With a headless CMS, you can create, store, and manage content in a central location, and display it on websites, apps, IoT devices, and more. For many organisations the first few steps of the headless journey begin with a decision whether or not to self-host or to sign up for a headless SaaS solution. Each option has its own advantages and disadvantages which, when compared, simplifies the decision.
When should you go headless?
Perhaps the most appealing and oft-cited feature of a headless CMS is its omnichannel publishing capabilities. In other words, you can publish and otherwise manage the content displayed on websites, apps, phones, smartwatches, tablets, IoT devices, CRMs, and digital signage from a single CMS. This is made possible with APIs such as RESTful API or GraphQL API.
In contrast, a traditional CMS typically offers only one presentation layer (display in a desktop or mobile browser) per CMS. It’s also what’s referred to as a ‘monolithic architecture’, meaning that the CMS’s individual components are tightly coupled or dependent on each other. A headless CMS presents a more modular solution, often described as having a microservices architecture. This, in turn, provides the potential for greater customisation with less effort compared to a monolithic architecture.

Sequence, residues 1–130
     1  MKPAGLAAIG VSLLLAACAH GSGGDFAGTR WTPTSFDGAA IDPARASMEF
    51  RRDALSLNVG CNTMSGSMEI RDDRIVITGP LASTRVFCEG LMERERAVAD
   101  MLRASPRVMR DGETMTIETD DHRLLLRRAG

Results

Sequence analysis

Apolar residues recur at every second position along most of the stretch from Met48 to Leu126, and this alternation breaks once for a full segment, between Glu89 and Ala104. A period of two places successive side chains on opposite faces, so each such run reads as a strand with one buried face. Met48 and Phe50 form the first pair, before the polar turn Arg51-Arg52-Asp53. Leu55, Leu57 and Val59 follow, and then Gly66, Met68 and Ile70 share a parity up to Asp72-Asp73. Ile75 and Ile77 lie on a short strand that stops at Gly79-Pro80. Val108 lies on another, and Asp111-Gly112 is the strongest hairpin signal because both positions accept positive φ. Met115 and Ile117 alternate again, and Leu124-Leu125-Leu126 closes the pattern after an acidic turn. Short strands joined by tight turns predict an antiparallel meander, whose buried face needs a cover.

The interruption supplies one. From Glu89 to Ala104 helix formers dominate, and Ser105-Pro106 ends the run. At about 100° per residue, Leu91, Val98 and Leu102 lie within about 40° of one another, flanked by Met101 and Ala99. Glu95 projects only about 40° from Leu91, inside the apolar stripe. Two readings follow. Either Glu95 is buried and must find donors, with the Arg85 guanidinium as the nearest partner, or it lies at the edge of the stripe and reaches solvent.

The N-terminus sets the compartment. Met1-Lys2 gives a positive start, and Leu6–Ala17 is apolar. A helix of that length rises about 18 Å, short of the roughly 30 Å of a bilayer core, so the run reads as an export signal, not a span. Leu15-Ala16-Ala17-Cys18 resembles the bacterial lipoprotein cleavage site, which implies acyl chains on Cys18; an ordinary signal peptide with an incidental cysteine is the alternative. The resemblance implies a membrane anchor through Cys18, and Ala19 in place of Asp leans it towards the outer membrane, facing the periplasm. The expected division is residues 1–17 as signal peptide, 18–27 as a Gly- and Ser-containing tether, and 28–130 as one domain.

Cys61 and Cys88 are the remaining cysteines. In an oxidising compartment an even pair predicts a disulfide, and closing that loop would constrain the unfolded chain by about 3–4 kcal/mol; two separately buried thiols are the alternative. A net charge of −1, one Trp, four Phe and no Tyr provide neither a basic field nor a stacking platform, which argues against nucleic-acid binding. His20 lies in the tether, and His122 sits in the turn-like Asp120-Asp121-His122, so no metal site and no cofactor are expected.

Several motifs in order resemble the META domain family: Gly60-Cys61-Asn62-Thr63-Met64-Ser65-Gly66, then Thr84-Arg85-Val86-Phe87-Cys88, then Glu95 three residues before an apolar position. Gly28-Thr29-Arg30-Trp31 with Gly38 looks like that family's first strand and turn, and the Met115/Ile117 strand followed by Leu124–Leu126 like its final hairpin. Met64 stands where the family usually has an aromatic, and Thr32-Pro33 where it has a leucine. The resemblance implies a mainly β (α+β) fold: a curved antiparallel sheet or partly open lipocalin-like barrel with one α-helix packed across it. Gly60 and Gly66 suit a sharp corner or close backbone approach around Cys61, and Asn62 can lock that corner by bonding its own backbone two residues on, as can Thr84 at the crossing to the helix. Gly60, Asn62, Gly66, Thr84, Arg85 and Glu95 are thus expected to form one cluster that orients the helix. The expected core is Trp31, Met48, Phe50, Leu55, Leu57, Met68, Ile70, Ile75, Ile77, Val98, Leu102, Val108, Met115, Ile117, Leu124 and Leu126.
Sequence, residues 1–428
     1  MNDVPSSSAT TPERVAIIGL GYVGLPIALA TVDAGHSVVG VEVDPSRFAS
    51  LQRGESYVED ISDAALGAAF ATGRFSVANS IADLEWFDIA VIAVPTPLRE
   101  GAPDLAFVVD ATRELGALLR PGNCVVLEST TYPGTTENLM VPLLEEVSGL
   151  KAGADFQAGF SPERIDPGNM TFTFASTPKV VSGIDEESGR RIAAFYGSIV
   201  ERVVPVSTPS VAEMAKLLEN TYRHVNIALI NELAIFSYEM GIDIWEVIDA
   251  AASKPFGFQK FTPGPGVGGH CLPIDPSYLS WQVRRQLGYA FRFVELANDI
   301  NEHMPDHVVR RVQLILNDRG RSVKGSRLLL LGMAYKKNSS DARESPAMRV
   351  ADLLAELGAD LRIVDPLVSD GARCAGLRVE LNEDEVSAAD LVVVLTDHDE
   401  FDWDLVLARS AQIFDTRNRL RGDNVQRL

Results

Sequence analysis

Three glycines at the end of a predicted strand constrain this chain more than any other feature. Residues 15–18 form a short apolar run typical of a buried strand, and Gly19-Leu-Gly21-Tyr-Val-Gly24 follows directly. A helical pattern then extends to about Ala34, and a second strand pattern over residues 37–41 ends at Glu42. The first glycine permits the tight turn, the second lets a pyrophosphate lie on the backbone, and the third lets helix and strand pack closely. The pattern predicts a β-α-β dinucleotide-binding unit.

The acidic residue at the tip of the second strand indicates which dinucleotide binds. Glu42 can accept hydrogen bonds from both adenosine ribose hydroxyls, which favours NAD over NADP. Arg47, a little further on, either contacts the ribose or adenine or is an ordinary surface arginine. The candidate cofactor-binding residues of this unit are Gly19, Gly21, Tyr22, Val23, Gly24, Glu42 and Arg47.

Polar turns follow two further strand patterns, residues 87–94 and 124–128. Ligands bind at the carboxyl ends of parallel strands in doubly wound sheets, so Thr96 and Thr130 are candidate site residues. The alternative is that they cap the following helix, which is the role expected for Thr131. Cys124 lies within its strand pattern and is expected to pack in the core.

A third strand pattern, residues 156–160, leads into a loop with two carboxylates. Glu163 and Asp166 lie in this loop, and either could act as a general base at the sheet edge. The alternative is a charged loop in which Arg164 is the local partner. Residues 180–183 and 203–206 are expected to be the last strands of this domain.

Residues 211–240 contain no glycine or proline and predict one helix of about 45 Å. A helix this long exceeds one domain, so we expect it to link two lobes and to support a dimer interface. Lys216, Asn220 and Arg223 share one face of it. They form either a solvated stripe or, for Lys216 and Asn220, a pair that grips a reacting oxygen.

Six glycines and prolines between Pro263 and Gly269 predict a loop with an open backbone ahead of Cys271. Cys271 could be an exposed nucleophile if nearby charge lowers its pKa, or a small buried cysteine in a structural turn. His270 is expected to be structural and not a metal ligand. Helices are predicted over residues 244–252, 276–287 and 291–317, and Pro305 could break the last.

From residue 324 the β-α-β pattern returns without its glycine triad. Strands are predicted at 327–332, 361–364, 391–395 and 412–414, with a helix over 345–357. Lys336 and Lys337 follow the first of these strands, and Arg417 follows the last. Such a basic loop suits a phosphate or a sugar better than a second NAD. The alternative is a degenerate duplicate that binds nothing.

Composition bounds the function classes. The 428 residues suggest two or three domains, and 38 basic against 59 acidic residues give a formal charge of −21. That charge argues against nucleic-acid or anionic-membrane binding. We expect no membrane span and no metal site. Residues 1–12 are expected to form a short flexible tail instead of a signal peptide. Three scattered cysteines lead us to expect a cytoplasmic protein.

We can therefore conclude that switching to a headless CMS is a good idea when:
- You need to deliver content to multiple channels whilst maintaining on-brand messaging and consistency
- You want to deliver custom user experiences using a specific technology stack
- Your business relies on a complex ecosystem of integrated tools and systems (like CRM, marketing automation, and e-commerce platforms), a headless CMS can offer more flexibility and easier integration capabilities
A headless CMS can deliver on all these features, but the extent to which it does and the expertise required to achieve your goals can be greatly influenced by your choice between a SaaS and open-source headless CMS solution.